Anyone who has meet Gail at a convention or even follows her on Twitter knows that she is a class act. Warm, kind and enthusiastic. Not just enthusiastic about her work and the comic medium, but about the culture that surrounds it. Gail Simone goes out of her way to be accessible and accommodating to fans of her work, and in return, her fan base keeps growing. It’s about respect, taking and receiving, and she understands that. Even in those rare times when what she is doing can be construed as pandering, it is so genuine and done with a wink and a nod that you can’t help but like her more.
The DC panel that she was part of finished up, and I made my way out of the room. Several large panels finished up at the same time, so bottle-necking of the small exit occurred and movement basically stopped. I reached in my bag, grabbed my schedule to figure out were I was headed next, and in doing so I looked to my left. There was Gail Simone, also caught in the crowd. She looked over at me and smiled, and I nodded and said “I am a big fan, I really love what you are doing on Suicide Squad.”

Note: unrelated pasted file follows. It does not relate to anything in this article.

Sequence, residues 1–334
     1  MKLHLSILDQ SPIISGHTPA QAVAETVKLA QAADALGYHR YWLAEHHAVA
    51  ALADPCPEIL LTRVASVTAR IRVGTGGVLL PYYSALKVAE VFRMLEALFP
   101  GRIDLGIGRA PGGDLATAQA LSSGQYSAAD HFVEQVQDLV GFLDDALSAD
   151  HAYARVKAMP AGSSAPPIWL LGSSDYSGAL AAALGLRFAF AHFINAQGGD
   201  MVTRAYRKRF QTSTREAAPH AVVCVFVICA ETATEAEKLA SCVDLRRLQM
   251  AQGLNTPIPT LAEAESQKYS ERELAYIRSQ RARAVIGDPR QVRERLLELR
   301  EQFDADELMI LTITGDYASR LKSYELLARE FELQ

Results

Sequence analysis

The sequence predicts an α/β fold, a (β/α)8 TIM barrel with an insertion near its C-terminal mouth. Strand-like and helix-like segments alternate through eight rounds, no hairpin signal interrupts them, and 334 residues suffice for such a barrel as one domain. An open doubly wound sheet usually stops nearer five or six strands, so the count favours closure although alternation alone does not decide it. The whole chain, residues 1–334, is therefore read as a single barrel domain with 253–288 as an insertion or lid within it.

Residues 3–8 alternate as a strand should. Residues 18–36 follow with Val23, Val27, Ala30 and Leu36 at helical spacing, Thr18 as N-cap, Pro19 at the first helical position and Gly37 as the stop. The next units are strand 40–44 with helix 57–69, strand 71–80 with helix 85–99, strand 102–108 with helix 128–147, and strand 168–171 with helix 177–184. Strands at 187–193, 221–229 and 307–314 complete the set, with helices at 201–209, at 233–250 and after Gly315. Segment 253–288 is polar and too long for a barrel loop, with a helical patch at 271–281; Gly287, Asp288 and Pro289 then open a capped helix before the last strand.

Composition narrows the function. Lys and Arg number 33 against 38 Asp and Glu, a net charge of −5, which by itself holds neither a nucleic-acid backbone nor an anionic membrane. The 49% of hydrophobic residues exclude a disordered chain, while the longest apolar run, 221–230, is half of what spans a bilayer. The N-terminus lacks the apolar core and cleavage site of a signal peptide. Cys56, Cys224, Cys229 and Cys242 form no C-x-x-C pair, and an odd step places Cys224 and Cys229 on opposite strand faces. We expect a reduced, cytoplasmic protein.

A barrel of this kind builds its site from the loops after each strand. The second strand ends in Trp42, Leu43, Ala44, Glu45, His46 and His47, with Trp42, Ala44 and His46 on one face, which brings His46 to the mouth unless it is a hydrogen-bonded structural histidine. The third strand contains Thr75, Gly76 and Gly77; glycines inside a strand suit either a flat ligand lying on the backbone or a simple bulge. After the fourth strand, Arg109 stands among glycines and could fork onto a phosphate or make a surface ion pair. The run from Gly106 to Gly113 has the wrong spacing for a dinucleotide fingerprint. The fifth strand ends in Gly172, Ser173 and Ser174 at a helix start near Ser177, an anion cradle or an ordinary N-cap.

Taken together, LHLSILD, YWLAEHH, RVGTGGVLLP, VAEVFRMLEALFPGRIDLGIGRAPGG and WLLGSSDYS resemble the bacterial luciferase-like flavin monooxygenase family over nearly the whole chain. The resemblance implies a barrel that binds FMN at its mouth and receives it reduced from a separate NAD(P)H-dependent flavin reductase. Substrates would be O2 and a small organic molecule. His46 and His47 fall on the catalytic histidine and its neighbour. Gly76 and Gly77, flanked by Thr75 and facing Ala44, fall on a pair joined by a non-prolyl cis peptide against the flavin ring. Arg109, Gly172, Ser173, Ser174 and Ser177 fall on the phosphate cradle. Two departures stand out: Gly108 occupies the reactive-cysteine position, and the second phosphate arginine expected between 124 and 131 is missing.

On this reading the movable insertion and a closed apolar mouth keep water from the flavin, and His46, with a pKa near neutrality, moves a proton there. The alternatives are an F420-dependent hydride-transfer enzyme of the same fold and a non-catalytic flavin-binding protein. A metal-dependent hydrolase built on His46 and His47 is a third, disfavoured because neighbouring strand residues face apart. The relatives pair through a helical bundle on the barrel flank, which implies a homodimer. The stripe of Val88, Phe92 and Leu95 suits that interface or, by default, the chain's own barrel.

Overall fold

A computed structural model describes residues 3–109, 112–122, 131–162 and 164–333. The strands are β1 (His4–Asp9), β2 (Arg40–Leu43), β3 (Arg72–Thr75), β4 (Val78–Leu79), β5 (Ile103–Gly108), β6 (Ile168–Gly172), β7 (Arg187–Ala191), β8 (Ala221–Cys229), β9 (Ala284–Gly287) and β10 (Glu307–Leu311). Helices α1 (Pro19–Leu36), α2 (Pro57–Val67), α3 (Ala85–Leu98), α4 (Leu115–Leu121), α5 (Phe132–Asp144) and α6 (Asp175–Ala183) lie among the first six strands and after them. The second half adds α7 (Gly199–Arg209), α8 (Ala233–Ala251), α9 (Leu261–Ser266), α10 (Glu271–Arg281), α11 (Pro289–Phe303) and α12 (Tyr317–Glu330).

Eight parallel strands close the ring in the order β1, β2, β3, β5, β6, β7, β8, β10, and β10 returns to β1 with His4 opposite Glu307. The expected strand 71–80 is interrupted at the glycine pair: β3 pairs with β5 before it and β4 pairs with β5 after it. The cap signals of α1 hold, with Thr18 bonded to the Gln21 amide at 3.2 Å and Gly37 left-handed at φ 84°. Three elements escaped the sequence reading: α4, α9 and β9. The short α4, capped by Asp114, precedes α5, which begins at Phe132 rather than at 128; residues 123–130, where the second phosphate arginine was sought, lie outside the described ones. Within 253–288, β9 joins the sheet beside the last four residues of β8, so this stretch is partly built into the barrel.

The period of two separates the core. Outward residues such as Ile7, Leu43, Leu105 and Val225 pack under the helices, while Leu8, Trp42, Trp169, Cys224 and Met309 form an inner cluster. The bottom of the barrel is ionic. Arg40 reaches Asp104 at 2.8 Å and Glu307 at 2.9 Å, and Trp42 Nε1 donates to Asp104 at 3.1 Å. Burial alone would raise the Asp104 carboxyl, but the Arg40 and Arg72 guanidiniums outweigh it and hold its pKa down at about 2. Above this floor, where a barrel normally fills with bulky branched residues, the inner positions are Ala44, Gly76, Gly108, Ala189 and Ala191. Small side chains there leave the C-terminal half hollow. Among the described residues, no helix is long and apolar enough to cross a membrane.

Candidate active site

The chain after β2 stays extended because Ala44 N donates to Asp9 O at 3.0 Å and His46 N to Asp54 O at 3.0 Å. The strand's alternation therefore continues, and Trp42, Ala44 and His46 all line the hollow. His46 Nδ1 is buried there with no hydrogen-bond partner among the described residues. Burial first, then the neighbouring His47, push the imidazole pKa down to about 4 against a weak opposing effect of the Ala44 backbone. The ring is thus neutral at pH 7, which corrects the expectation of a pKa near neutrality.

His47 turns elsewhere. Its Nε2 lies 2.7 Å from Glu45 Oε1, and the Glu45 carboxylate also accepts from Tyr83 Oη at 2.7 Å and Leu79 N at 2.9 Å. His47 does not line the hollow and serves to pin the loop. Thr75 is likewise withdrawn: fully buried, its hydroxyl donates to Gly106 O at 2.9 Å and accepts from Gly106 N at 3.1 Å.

Now would be the time to admit that I am a terrible writer, as I will reference something that was the very first sentence of this story but have not referenced since, so you may have forgotten it was even said. But Gail gave me knowing smile, said “Thank you” as politely as an English nanny, and the crowd started moving and we were both off in our separate ways.